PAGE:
Thursday, June 7, 2012

The Year of the Sketchbook





I spent three days at the Namta Art Materials World International Conference and Trade Show at the Orange County Convention Center. The floor was never really packed, but there was a constant flurry of activity at the Stillman & Birn booth. The line of quality sketchbooks were introduced at last year's conference and they must have made an impression. The sketchbooks cost a bit more, but people are realizing that artists are willing to pay more for the quality. Paper matters, feel the difference. When Michael Kalman showed a colleague one of the early sketchbook, he was told, "You hit a home run with the paper."

A person stopping by the Stillman & Birn booth said, "This is the year of the sketchbook, I half expect the easel manufacturers to introduce a new line of sketchbooks."  This year, Strathmore and Canson both introduced new lines of quality hardbound sketchbooks. These new line of sketchbooks are scheduled to hit stores in July. I went to the Strathmore booth and thumbed through the prototype sketchbooks. A sales manager explained the different lines, paper weights and page surfaces. What really mattered to me wasn't the numbers or convoluted naming conventions, I wanted to see how the paper held up to lines and washes. I already know that the Stillman & Birn books make my work sing so I've developed product loyalty.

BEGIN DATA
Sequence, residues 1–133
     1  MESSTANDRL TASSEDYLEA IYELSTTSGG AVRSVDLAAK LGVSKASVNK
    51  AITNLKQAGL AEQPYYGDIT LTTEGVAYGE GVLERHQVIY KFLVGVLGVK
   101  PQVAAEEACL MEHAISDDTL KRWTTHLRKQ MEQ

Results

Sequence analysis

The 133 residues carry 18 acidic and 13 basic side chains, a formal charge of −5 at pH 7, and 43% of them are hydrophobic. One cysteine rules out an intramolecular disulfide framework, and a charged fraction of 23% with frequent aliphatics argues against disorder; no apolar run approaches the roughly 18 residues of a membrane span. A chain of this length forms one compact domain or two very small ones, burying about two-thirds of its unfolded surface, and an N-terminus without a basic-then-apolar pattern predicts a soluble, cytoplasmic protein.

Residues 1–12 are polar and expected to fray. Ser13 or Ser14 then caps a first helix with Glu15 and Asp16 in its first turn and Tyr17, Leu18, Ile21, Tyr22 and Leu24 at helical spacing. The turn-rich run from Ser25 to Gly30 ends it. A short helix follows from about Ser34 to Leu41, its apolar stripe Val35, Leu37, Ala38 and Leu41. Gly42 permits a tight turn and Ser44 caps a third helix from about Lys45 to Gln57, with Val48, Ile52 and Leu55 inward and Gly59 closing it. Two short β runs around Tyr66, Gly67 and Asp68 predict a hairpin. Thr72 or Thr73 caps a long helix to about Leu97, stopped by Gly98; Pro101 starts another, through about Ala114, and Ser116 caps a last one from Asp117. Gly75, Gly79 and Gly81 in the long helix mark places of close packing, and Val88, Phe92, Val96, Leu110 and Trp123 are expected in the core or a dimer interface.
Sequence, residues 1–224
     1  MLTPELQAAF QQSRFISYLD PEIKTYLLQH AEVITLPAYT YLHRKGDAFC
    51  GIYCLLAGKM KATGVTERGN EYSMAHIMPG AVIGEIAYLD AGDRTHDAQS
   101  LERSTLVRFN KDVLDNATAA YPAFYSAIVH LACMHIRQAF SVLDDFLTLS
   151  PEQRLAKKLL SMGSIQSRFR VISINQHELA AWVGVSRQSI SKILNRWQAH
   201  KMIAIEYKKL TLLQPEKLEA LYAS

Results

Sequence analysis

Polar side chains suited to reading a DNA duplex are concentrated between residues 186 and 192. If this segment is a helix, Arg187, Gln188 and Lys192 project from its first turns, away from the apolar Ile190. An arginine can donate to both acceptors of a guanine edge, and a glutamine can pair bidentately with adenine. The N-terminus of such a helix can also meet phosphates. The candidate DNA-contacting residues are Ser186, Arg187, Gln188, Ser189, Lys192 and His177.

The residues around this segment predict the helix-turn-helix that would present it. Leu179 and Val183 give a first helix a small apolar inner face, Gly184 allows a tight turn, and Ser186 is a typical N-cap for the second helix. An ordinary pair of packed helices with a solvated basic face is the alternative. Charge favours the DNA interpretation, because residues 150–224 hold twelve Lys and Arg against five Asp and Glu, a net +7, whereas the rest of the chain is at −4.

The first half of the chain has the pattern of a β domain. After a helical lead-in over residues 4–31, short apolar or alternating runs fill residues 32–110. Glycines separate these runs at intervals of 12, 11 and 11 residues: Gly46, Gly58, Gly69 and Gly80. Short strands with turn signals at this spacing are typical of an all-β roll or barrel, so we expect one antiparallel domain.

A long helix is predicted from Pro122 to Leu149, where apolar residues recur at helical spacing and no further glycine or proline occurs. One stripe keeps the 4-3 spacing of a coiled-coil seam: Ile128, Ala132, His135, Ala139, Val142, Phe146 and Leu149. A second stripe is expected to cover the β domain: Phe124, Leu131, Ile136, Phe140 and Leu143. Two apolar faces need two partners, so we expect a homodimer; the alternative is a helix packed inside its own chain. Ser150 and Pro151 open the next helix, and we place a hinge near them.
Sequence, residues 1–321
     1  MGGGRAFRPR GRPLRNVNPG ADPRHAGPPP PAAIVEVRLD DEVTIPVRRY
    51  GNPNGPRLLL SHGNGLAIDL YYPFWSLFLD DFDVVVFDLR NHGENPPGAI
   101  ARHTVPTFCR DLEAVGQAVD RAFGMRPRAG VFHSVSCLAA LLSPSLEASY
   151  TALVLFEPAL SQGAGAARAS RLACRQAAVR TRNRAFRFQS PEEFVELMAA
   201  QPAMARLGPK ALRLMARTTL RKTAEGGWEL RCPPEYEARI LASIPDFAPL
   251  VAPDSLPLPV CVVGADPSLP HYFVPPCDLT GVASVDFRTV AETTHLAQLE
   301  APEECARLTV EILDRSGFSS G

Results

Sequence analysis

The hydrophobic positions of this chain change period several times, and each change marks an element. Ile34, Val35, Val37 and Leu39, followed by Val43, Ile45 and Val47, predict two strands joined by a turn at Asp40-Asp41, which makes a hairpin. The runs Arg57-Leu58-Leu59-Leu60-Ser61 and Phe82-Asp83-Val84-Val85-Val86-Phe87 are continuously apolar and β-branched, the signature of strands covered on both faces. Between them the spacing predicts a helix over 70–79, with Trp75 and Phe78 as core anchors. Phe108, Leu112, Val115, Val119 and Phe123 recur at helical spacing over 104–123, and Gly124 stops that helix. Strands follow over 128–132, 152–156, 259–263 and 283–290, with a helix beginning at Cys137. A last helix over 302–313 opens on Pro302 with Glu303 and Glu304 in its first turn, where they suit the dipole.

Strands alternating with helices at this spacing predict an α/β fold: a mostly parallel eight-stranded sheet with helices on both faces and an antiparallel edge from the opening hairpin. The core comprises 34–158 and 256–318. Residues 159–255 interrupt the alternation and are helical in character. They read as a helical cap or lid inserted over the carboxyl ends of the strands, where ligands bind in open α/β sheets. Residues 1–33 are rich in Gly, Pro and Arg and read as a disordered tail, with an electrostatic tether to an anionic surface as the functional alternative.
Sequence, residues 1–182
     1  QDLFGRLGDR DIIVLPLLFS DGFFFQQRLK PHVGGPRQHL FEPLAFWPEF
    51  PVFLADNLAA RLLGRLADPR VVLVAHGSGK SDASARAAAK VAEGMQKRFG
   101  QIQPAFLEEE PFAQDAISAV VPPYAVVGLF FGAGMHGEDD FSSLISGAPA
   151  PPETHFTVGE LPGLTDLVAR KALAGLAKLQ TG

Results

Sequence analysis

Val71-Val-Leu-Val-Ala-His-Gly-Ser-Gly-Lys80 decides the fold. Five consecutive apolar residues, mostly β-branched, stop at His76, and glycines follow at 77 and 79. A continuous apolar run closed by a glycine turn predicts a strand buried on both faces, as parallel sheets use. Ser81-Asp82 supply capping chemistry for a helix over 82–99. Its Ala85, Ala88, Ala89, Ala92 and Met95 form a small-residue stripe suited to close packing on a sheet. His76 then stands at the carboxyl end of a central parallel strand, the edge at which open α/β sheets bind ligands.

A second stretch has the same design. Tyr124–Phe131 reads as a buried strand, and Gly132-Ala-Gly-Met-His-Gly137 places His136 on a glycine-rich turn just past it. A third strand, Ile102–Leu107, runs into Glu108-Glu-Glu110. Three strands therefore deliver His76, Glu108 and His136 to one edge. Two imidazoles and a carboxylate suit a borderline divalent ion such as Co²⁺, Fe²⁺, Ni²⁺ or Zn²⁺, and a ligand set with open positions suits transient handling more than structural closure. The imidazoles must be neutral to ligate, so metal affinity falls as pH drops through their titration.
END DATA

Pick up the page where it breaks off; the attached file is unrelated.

Jason Das, an Urban Sketcher from Brooklyn NY was flown to the Convention by Stillman & Birn so he could work the floor looking for sponsors for the Urban Sketching Symposium in July. Jason stopped by the booth and I got a chance to flip through his most recent sketchbook. I get a visceral thrill from seeing artists sketchbooks. There is no pretense of existential artistic concepts, just raw sincere observation. Another artist named Donald Owen Colley was working at the Faber Castell booth. He uses Faber Castell Pitt brush pens to do his drawings in old ledgers. The book he was drawing in was from the 1860s. The pens are good for putting down warm and cool gray tones. I picked up a few Pitt pens and immediately started playing with them. The bold blacks in this sketch were put down with a black Pitt pen. Owen was hit by a car as he was walking in the International Drive area. Florida almost killed him. There were artists painting and sketching in many of the booths. I felt like a kid in a toy store.

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